Passive Narrative vs. Intentional Narrative: Who’s writing your story?

The world you live in is different from mine.  That’s not code for socioeconomic status, marital status, or any other situational “thing”.

Your world is seen through a filter guided by a narrative you are creating.

We all tell ourselves stories about the world.  I wrote an article last year about a marketing tactic that made me angry.  The local grocery store printed an unusually low price with a large font price printed for its wine. Below the price in a barely legible font size, are the words “when you buy 4”.  Just below, printed in the same font is the price for 1 bottle; much higher.  The same store has added 12 packs of premium beer to this tactic.  I see this and immediately lose trust.  I see the store trying to “trick” me.  My internal voice starts to update my “narrative”.  It’s like Jimminy Cricket teaching me the ways of life.  Mr. Cricket tells me that customers are so savvy these days.  Costco, Bevmo, and even Amazon are all undercutting local grocers and each other.  Wine still costs to produce, ship, and market.  The stores MUST find ways to get savvy customers to pay more for wine.  This tactic must work since they keep doing it.  My lovely wife, Jamie,  sees this exact situation but has a completely different conclusion.  Her narrative, her “Jamie-ney Cricket”, tells her a story of kindness and opportunity.  She sees the store working hard to find opportunities for the customer to save money.  “Unfortunately they can’t pass savings on for just 1 bottle, but who needs just 1 bottle of a good wine anyway?”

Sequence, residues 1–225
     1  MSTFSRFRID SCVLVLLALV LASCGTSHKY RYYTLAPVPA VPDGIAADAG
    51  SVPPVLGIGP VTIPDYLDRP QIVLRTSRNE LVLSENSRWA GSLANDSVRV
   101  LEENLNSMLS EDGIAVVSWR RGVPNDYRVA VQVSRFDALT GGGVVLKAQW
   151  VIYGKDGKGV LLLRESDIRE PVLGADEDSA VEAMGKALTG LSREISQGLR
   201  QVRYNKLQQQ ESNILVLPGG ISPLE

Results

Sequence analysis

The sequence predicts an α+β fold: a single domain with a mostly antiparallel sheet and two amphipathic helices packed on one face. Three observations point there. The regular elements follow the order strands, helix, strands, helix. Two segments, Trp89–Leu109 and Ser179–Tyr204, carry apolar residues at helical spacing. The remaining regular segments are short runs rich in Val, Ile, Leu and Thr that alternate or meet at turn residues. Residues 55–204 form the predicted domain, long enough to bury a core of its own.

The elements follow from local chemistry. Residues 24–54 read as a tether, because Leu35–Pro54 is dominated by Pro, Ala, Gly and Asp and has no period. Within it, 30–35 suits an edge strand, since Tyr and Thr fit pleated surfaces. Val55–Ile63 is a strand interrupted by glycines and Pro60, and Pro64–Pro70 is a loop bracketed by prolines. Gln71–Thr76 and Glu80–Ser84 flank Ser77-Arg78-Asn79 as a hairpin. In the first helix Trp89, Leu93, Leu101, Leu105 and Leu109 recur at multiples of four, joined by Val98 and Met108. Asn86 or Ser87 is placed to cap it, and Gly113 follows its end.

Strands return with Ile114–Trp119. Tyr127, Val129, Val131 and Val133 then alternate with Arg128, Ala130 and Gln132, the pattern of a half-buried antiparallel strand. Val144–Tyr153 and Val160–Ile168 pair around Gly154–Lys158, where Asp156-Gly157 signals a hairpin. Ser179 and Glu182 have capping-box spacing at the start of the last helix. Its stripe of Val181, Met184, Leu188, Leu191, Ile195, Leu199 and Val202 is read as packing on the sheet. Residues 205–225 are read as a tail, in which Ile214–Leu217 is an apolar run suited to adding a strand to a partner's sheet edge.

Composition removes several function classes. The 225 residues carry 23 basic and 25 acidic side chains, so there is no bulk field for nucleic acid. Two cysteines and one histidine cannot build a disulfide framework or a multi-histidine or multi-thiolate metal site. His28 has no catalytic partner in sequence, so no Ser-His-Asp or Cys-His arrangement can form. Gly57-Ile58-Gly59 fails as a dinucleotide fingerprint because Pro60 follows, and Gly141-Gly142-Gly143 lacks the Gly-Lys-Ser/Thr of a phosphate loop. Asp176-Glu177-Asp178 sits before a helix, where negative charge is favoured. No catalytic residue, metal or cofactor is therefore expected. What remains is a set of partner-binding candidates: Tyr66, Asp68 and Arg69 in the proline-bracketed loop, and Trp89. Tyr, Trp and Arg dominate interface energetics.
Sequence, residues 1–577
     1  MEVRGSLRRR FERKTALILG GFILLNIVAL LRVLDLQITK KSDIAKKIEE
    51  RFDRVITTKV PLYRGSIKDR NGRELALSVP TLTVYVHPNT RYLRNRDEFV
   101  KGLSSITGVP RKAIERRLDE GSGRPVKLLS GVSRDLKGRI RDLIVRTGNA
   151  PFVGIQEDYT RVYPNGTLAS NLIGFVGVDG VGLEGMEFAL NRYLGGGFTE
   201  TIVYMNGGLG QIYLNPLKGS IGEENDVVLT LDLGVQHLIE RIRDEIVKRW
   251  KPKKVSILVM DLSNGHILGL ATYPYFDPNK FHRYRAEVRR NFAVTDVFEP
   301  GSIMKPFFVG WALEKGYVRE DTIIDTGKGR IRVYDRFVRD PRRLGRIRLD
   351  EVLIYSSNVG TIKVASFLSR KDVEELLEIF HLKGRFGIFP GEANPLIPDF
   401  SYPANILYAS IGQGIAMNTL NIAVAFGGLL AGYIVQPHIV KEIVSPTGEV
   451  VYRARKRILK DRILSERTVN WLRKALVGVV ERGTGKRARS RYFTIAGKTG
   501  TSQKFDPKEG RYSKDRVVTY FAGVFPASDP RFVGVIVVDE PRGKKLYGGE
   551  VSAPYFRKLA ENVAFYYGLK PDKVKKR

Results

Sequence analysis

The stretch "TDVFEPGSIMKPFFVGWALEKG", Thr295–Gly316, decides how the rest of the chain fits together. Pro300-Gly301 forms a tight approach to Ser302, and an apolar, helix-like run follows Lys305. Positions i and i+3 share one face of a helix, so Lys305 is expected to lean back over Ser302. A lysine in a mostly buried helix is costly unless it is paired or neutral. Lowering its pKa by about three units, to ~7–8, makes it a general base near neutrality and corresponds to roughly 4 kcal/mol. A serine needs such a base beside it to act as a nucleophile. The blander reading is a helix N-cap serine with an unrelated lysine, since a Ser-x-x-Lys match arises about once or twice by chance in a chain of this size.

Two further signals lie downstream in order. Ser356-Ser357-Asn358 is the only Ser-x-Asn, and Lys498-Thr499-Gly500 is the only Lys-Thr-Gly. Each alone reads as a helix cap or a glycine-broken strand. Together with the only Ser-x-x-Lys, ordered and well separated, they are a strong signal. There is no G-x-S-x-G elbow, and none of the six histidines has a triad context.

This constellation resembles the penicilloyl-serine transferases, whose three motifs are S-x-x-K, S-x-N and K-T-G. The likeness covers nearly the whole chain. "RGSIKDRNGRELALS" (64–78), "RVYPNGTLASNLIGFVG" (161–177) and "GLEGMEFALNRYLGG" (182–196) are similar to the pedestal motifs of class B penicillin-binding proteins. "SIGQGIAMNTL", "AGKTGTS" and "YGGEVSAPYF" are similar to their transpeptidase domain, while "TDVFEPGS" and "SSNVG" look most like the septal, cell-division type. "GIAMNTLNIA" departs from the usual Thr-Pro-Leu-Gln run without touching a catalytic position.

Writing

Writing (Photo credit: jjpacres)

Your narrative forms your outlook on life.  It passively changes through experience over time.  Someone blessed with opportunity and seemingly constant fortune and good luck will most likely have a much more positive narrative than the hardened, out of work, disabled war veteran.
This blog and your life are not about living “passive lives”.  Your success, your “awesome” comes from “intentional living”.  You can change your narrative, thus changing  your attitude.  I have decided to make 2014 the year I get intentional about changing my narrative.  Here is a list of 3 things I am doing to re-write my story:
  1. Loose the victim status. Read my article on characters to learn more.  I simply change the subject internally as the victim starts to show up.  While this is not always easy, it has already started to change my view on things.
  2. I am re-writing stories about people/companies I had negative thoughts about.  Being angry at the grocer over wine prices is a waste of time and energy.  It is reasonable that Jamie’s point of view is actually legitimate.  It is certainly a better story than mine.  Anyhow, what’s really the worse that can happen?  I pay 3 bucks more for a 12 pack of beer.  It’s still great beer.
  3. Re evaluate my influences.  I’ve hear it said that we are the average of the 5 people we spend the most time with.  Often times I get negative or gossipy and realize that I am the instigator.  Sometimes its the other person.  Usually a re direction of the conversation changes the mood.  It really works the same with other people as it does in your own narrative.
You tell yourself multiple stories everyday.  As you seek to achieve the awesomeness we both know you were meant to, you must be in control of the “pen”.  Your story must be one in which you win, learn from mistakes, and are worthy of the task at hand.  Start with a positive story about the world around you.  A positive “you” will attract more positive people.  We know from experience (and this post) that it’s much harder to be positive than negative.  This means that positive people are working hard, living intentionally, and can bring that “average of 5” up a bit.
Think about 2 things in your world that you believe to be true because that’s your story.  Shake it up a little and question the characters in that narrative.  Start simple (like Target is better than Walmart).  Dig a little deeper as things become more clear to you.  Share your thoughts.
Rocco
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My Frog Won’t Boil